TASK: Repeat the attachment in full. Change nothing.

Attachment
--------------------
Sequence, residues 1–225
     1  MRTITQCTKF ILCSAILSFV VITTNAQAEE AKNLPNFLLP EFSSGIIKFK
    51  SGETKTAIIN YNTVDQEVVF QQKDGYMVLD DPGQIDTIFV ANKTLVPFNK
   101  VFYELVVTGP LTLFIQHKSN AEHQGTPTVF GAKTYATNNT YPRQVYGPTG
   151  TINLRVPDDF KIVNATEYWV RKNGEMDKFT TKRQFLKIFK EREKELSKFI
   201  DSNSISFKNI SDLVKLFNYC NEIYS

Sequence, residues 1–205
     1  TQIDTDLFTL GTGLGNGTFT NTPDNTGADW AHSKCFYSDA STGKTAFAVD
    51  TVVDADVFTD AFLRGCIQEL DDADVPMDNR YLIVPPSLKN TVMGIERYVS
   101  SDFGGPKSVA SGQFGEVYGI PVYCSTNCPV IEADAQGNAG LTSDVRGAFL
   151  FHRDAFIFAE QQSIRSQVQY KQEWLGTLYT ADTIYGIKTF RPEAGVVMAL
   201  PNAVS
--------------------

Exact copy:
Sequence, residues 1–225
     1  MRTITQCTKF ILCSAILSFV VITTNAQAEE AKNLPNFLLP EFSSGIIKFK
    51  SGETKTAIIN YNTVDQEVVF QQKDGYMVLD DPGQIDTIFV ANKTLVPFNK
   101  VFYELVVTGP LTLFIQHKSN AEHQGTPTVF GAKTYATNNT YPRQVYGPTG
   151  TINLRVPDDF KIVNATEYWV RKNGEMDKFT TKRQFLKIFK EREKELSKFI
   201  DSNSISFKNI SDLVKLFNYC NEIYS

Sequence, residues 1–205
     1  TQIDTDLFTL GTGLGNGTFT NTPDNTGADW AHSKCFYSDA STGKTAFAVD
    51  TVVDADVFTD AFLRGCIQEL DDADVPMDNR YLIVPPSLKN TVMGIERYVS
   101  SDFGGPKSVA SGQFGEVYGI PVYCSTNCPV IEADAQGNAG LTSDVRGAFL
   151  FHRDAFIFAE QQSIRSQVQY KQEWLGTLYT ADTIYGIKTF RPEAGVVMAL
   201  PNAVS